Residents turned out this past weekend to support the No on Measure N campaign, which is a vote to support South Pasadena’s utility users tax (UUT). More than 100 people showed up for last Sunday’s Pizza in the Park informational session for supporting the citywide tax. Photo by Henk Friezer

The South Pasadena City Council came to a decision at its last meeting that they characterized as painful when they voted unanimously to adopt a financial plan that will cut $3.4 million from the budget if a challenge to the utility users tax (UUT) is approved by voters in November.

The UUT is the city’s second largest source of revenue, according to Stephanie DeWolfe, So Pas city manager, who presented the draft implementation plan during the council’s meeting Sept. 19. She said during her presentation that the UUT accounts for about 12 percent of the general fund. The UUT places a 7.5 percent levy on utilities such as cable television, water, electricity and phone service, according to city officials.

The city is prohibited by law to lobby for or against the UUT on the Nov. 6 ballot as Measure N. City officials have, instead, presented dire predictions to residents if the UUT is repealed. The city has also cast the proponents of the UUT repeal as a “Pasadena-based group” in its official city statements regarding the cuts as recently as Sept. 20.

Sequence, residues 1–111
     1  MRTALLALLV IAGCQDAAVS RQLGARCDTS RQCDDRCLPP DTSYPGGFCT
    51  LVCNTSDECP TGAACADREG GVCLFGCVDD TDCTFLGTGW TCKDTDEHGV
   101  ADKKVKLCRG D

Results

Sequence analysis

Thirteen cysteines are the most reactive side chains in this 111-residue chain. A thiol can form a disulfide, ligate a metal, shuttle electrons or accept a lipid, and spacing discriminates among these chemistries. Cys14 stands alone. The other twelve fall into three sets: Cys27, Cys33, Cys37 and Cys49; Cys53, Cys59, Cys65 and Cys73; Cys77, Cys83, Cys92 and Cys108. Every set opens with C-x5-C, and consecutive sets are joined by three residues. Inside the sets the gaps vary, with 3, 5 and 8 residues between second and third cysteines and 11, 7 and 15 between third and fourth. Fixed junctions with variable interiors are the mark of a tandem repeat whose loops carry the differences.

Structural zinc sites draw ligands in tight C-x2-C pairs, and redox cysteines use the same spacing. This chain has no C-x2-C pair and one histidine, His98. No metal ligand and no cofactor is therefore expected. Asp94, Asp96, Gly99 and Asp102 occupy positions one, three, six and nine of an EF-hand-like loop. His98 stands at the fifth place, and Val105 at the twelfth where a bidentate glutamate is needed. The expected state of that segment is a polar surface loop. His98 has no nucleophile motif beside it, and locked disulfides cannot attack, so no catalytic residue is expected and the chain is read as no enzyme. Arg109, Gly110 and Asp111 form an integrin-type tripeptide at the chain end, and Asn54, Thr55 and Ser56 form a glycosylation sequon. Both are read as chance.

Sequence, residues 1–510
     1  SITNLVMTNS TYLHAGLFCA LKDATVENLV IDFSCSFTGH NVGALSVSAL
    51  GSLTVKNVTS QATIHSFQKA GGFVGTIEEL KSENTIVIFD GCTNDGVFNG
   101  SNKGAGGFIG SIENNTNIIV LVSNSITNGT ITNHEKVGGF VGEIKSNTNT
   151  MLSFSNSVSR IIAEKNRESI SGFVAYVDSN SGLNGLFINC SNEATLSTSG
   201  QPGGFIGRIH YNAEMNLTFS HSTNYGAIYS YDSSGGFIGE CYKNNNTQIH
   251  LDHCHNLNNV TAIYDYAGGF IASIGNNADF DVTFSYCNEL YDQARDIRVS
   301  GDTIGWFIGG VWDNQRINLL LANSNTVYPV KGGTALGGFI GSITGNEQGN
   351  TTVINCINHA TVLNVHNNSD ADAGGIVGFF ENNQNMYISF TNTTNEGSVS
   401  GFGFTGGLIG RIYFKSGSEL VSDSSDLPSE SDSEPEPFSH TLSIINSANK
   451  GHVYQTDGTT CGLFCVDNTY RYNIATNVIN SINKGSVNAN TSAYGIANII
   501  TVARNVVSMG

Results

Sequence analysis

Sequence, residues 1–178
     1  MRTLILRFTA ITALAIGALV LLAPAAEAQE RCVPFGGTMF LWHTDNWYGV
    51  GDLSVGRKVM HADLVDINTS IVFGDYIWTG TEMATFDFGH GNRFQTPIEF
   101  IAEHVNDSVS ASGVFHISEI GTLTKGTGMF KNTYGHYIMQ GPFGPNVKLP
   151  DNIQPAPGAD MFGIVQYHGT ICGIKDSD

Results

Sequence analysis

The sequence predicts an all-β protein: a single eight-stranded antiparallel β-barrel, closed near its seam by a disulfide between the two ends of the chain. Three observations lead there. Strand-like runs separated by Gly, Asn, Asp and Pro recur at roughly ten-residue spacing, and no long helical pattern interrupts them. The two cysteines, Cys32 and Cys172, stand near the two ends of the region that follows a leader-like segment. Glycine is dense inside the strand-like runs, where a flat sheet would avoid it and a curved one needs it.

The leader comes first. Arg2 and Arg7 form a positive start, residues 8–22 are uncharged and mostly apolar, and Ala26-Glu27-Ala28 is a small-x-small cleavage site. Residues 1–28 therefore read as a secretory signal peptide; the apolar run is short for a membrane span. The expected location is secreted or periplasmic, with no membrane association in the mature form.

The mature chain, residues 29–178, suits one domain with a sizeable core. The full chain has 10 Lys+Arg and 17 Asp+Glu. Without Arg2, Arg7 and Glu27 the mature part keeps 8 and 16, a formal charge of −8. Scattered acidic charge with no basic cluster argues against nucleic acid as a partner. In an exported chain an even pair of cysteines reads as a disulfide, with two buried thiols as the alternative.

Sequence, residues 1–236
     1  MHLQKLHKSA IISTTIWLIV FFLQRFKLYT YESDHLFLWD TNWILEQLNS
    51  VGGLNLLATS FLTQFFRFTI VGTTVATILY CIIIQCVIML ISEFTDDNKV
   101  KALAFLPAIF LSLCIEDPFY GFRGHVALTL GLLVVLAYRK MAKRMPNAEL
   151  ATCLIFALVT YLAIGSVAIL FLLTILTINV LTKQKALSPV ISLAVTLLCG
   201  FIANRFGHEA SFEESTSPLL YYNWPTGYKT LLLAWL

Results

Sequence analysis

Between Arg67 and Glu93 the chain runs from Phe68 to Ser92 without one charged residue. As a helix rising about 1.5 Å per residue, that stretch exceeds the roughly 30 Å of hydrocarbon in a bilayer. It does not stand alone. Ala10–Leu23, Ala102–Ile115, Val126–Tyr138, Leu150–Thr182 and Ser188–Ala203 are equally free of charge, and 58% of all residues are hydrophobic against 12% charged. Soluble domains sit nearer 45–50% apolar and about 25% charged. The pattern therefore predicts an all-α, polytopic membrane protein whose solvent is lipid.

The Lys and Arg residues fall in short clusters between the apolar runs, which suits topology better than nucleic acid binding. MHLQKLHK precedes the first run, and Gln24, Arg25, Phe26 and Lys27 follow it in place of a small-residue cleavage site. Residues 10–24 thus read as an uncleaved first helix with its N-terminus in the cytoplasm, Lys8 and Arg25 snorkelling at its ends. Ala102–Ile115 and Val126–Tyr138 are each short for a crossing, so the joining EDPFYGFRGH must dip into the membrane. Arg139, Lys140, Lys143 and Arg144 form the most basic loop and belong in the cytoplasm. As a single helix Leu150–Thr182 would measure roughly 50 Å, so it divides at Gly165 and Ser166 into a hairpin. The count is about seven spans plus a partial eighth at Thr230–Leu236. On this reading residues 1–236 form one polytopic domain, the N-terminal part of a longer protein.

While indeed supported by a Pasadena faction of the Tea Party, the main proponents of the repeal actually happen to be longtime South Pasadena residents and one was the So Pas city treasurer, Edward A. Ristow, from 1972 to 1995. Ristow, who has lived in the city since 1965, has said he supports the repeal because he loves the city and is trying to save it from financial ruin. In fact, he predicts that in the case the UUT is not repealed, a scenario he acknowledges is likely to happen, the cuts being put forth if the repeal is successful will occur anyway.

“That will happen,” Ristow predicted during an earlier interview. “It’s just a matter of when.”